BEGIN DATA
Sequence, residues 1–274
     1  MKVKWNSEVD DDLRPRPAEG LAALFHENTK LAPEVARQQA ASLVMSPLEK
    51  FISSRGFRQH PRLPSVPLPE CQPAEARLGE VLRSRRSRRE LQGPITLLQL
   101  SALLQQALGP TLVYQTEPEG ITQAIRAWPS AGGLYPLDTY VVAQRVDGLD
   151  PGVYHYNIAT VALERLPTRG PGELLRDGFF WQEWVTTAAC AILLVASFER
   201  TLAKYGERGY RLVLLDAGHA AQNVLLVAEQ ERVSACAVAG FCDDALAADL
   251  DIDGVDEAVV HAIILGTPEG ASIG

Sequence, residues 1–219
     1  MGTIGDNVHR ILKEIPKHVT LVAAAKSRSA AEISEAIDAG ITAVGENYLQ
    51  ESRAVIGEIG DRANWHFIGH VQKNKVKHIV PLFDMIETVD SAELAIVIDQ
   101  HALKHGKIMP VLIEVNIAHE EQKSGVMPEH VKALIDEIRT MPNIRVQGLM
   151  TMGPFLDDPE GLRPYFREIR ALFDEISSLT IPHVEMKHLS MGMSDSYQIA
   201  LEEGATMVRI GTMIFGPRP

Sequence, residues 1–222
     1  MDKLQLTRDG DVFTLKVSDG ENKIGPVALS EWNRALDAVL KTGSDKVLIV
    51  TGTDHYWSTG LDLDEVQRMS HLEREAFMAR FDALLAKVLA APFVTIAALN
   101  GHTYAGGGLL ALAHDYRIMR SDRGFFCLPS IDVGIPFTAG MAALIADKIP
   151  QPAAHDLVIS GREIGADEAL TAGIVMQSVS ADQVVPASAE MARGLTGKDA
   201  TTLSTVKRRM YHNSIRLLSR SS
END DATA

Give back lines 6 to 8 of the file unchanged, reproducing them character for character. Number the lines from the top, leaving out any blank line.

   201  TLAKYGERGY RLVLLDAGHA AQNVLLVAEQ ERVSACAVAG FCDDALAADL
   251  DIDGVDEAVV HAIILGTPEG ASIG

Sequence, residues 1–219